The Break the Silence Campaign is one example of a national focus on ending child sexual abuse and incest – which is so horrendous that it’s unbelievable we tolerate it enough as a society for it to exist. Any society that values family life above all else should have zero cases to report . What we have is a society that prioritizes fear, respectability, religiosity, discipline and silencing above children’s rights while children live amidst threat and vulnerability.

A decade on, the BTS campaign needs private sector and community infusion of support and investment so that it can continue to press against such silencing and violence for another ten years.

If we make the connections between child sexual abuse and incest, later domestic violence, and wider male violence and killing, we may prevent crimes before criminals are created. For the TTPS and its allies, this should be a priority, for it’s the more humane solution to the desperation of a shoot to kill policy.

 

 

 

Post 307.

When UWI students protested their vulnerability to robbery and rape on campus, we witnessed the brutality of overly-weaponised police unnecessarily roughing up two young dreadlocked male students, pressing their faces to the ground with their knees on their necks, and then throwing them in the back of the police jeep in order to later charge them for protesting feelings of insecurity to crime.

There didn’t seem to be any sense of irony that that dealing with such feelings of insecurity through repressive state force misses what a younger generation is legitimately telling both police and the nation about our own institutional failures. It was clear that police escalated the situation and that their training to deal with illegality – whether student protests or gang turf wars – is a single-minded and excessive hypermasculinity that strikes back to strike fear in the hearts of anyone out of order.

I thought about students’ lack of familiarity with strong-arm policing, and their naïve investment in police benevolence. Students believe they have a right to pursue a neoliberal dream of individual study, advancement and success as if the society isn’t falling apart around the borders of the campus.

Rather, students have to recognize that such a dream is a myth. Individual advancement is threatened night and day by wider social alienation, by widespread gender-based harm, by state institutional failure, and by systemic inequality and injustice – and this will reach students through threat of all kinds, whether robbery or rape, on campus just as anywhere else.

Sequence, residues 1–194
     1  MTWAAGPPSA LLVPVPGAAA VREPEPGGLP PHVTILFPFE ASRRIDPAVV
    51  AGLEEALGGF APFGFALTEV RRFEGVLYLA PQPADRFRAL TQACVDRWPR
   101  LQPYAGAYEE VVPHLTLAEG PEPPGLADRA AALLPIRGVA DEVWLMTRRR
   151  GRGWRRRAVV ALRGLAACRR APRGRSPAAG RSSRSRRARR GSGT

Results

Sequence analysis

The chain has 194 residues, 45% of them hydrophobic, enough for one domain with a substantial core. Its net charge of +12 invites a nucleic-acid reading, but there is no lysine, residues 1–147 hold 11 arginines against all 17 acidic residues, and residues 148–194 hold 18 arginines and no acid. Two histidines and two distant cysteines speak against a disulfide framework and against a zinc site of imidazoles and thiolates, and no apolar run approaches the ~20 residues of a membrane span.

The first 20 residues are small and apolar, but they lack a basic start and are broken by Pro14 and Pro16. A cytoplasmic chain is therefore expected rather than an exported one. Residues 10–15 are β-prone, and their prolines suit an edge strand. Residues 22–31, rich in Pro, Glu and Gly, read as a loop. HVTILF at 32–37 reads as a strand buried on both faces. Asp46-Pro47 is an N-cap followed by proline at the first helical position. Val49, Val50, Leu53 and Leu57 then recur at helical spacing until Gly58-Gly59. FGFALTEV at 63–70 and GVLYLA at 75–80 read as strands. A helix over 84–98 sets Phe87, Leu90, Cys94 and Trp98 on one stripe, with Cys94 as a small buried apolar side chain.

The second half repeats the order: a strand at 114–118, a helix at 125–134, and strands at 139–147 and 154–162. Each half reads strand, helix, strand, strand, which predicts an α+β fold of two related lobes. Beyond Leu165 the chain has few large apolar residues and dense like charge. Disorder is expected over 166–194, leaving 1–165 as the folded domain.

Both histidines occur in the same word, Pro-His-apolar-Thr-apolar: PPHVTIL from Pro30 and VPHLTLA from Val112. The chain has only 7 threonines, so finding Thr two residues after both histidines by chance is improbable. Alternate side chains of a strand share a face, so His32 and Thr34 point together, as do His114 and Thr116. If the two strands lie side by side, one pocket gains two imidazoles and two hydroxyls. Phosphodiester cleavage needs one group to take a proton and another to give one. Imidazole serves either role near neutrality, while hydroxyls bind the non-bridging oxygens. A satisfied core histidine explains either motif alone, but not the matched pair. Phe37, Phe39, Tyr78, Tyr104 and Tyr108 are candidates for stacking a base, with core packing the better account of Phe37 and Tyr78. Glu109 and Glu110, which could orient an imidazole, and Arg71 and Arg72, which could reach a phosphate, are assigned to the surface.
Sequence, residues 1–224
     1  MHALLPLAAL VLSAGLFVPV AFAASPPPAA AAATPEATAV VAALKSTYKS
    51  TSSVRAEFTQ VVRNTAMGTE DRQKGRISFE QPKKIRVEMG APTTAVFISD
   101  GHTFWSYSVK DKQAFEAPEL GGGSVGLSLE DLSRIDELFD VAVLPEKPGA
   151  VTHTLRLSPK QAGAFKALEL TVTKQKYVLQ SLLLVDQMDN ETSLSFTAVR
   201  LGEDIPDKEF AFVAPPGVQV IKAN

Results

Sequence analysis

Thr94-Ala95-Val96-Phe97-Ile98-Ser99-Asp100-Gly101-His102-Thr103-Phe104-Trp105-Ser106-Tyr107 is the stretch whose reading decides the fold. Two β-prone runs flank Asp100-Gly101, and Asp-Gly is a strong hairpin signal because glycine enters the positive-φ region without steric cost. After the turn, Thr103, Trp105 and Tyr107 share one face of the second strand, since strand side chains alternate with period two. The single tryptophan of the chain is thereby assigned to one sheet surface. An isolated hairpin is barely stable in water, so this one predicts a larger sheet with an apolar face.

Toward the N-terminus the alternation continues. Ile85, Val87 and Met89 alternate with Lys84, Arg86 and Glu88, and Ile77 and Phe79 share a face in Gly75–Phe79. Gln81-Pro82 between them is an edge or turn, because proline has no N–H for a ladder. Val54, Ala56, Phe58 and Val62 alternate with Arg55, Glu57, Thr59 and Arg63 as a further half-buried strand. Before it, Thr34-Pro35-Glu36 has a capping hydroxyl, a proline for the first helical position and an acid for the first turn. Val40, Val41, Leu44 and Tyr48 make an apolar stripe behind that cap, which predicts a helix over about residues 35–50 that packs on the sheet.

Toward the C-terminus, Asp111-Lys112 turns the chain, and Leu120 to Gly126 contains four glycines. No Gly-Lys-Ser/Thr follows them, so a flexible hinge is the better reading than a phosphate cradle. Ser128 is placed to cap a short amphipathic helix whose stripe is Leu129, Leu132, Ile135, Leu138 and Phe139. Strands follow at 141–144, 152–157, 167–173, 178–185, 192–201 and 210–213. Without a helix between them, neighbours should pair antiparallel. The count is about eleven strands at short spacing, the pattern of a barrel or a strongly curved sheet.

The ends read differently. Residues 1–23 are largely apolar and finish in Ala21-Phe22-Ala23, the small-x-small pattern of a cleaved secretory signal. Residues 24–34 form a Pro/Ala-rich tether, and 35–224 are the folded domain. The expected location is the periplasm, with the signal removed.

I’m not saying there isn’t more that the campus could do, but that fear and insecurity are social and economic problems, requiring institutional responses from an integrated justice system, and collective citizen investment and involvement in everything required for such transformation.

I thought too about how those very students probably don’t think too much about such policing as the modus operandi in poor and insecure communities, and the necessity of their solidarity with them, having experienced what that m.o. looks and feels like when the “good”, versus ghetto, youth get violently put in place.

We are all horrified by the murder rate and widespread fear of armed robbery and random shootings. We understand justification for shooting back at criminals who shoot at police. We understand that police are defending law-abiding citizens, and even wealthy non-law abiding and corrupt elites, with their working-class lives and families on the line. We understand that police share our fear as individuals and experience even greater occupational fear.

However, there is more to this seductive, simplistic, narrative. Where do individual badmen come from? Do they emerge in our society from nowhere? Is the gun-talk of “a war they want…a war they will get” going to change the disturbingly low rate of convictions or the shockingly slow pace of the justice system which institutionally reproduce the problem? Will it solve the fact that crime also continues because those responsible for patrolling streets and borders also are those running blocks or, as Rudder would put it, letting the guns and cocaine pass? Will it solve the fact that men in prison have higher than average rates of illiteracy or that they come from poorer households and communities, and schools failing children or, often, from situations of familial neglect and abuse?

In countries where crime has been reduced and jails emptied, has it been through being “rottweilers of aggression”? What of the fact that prison creates criminals by mixing men convicted of smaller offenses with gangs to whom they must show loyalty both in and, later, outside of jail in order to survive inside and, later, outside? As the restorative justice movement has long warned us, the fact that prisons officers, and police officers, are at risk of death is a problem exacerbated by how we imprison.

Anti-punk policing seems like the solution we have been waiting for, but fighting firearms with more firepower may leave us without sustained pursuit of real solutions. UWI students should know, only those solutions will offer greater safety. Who else in their generation will make them happen? As students should also now know, police can very quickly and forcibly turn against you, no matter how good a student you are, how respectable your family or how just your protest.

Students must invest in a creating a different society as part of investing in themselves, for peace is not the imprisoned security of greater surveillance and more guns, nor a society where support for police killings intensifies a spiral of excessive violence without end.